Healthcare project targets those with greatest need



By Charles Hallman

Staff Writer


Hennepin County this month introduced a “patient-centered” pilot healthcare program designed to integrate medical, behavioral health, and human services for low-income individuals. Reduced healthcare costs are just one of the hoped-for outcomes.

“It is really based on some previous work that has been done, trying to string together some systems in Hennepin County,” Area Director Jennifer DeCubellis told the MSR last week about the pilot program called Hennepin Health.

Individuals aged 18 to 64 with no dependent children at home who live in Hennepin County, whose incomes are at or below 75 percent of the federal poverty rate, and who qualify for Medical Assistance, are the target population of the one-year funded program.

Key elements of the program include: an integrated system of providers offering comprehensive care such as emergency, inpatient and outpatient services; accessible electronic health records to both the patient and members of his or her healthcare team; and a personalized care plan and designated healthcare team that includes medical, behavioral health, and human services professionals based on each patient’s unique needs.

Hennepin Health’s approach to meeting the needs of the county’s safety net population has not been tried before elsewhere. “We are doing this on a smaller scale,” said DeCubellis, predicting that if successful the program could help reduce healthcare costs.

Nearly 50 percent of Hennepin County’s target population for receiving medical assistance is Black. “Sixty percent of the [target] population has at least one of these [characteristics]” such as chemical dependency, mental health needs and chronic pain management, explained DeCubellis, an 18-year health professional who joined the County last year.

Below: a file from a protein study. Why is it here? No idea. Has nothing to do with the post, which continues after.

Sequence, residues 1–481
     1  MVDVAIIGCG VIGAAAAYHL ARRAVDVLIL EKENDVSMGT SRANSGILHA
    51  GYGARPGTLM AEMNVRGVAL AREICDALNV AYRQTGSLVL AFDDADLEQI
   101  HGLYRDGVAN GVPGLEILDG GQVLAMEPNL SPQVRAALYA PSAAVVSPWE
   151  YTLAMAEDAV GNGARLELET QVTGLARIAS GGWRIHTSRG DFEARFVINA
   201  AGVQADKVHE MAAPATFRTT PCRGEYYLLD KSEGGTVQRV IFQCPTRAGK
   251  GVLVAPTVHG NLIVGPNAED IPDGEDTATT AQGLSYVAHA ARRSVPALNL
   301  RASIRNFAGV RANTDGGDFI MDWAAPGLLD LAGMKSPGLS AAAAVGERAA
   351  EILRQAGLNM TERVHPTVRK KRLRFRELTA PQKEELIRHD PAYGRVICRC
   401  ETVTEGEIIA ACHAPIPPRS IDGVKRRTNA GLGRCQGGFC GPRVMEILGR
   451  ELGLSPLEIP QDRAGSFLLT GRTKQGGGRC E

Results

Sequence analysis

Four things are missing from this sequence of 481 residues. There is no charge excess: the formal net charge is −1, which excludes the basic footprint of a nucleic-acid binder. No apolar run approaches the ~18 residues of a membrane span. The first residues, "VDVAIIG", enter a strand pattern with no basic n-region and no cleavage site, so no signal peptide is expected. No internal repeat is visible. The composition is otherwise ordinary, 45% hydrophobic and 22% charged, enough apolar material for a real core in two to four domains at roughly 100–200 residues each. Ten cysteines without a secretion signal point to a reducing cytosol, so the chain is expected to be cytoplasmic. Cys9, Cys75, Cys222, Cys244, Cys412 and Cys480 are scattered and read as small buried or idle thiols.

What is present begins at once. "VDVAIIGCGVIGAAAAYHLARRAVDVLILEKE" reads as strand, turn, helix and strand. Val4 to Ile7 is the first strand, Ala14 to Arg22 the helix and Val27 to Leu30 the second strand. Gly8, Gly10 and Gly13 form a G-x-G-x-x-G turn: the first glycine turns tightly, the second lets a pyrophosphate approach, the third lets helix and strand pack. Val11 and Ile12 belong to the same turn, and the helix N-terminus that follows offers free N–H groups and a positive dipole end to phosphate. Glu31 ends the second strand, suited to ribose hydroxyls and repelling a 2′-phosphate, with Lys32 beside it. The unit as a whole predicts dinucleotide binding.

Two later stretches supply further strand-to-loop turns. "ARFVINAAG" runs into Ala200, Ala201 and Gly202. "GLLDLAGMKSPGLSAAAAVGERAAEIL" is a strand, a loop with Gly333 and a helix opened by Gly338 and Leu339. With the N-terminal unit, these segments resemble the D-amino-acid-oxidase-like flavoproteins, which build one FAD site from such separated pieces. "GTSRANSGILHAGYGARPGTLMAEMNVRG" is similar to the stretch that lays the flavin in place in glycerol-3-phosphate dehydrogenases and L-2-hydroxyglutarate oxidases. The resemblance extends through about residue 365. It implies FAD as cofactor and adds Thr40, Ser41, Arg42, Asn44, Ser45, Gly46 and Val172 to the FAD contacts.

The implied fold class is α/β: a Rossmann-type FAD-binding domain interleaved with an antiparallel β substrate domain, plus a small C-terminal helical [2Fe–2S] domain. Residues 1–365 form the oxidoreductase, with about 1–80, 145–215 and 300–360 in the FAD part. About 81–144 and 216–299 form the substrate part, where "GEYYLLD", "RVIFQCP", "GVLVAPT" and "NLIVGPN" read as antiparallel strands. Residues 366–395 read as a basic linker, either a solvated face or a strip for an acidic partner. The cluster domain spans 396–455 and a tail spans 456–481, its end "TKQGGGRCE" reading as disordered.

“We have more individuals needing public assistance today than in previous years. One of the things we have identified is that there is a population at the low-end poverty level whose needs aren’t being met by our healthcare system… Until we meet the basic needs, we won’t be able to impact their health care.

“So if our first priority is that the individual’s basic needs are met, then we can better address their health care. This will bring down overall costs. This is an opportunity to stop putting people in this healthcare box,” believes DeCubellis, adding that another aspect of the program is working with community agencies.

“We are doing services in homeless shelters and in conjunction with community providers. We are looking at individuals and communities, their needs, and how we can be creative to make sure we are meeting their needs.”

She adds, “Hennepin County Medical Center has had a successful program for the past year and a half when they have taken folks that have been in the hospital greater than three times in a year and put them in a coordinated care clinic. The coordinated care clinic has brought down hospitalizations by greater than 50 percent.

“It’s not keeping the individual out of the hospital altogether, but at $2,000 a day, you free up some substantial dollars that could  go to somebody else’s preventive health care or go to fund these social services that are so critical to the population.”

The program now becomes a fourth healthcare option for qualified individuals: “They have a choice of traditional plans currently at Hennepin County — Medica, UCare and HealthPartners already provide coverage for Medicaid Expansion populations, and the fourth option has been added, which is Hennepin Health.”

Although Hennepin Health is funded for one year, “We are hopeful that we will at least be able to use this pilot through December 2013. And if we are successful, we would like the opportunity to expand it to other populations, even to folk who have under-coverage,” DeCubellis said.

“I think this is an excellent time to make some significant improvements, and it is important that we work together as a community to ensure that all healthcare providers are cooperating and heading in the right direction. This will improve the lives of everyone in our area.”

For more information on Hennepin Health, call Jennifer DeCubellis at 612-596-9416 or email her at Jen

Charles Hallman welcomes reader responses to challman@spokes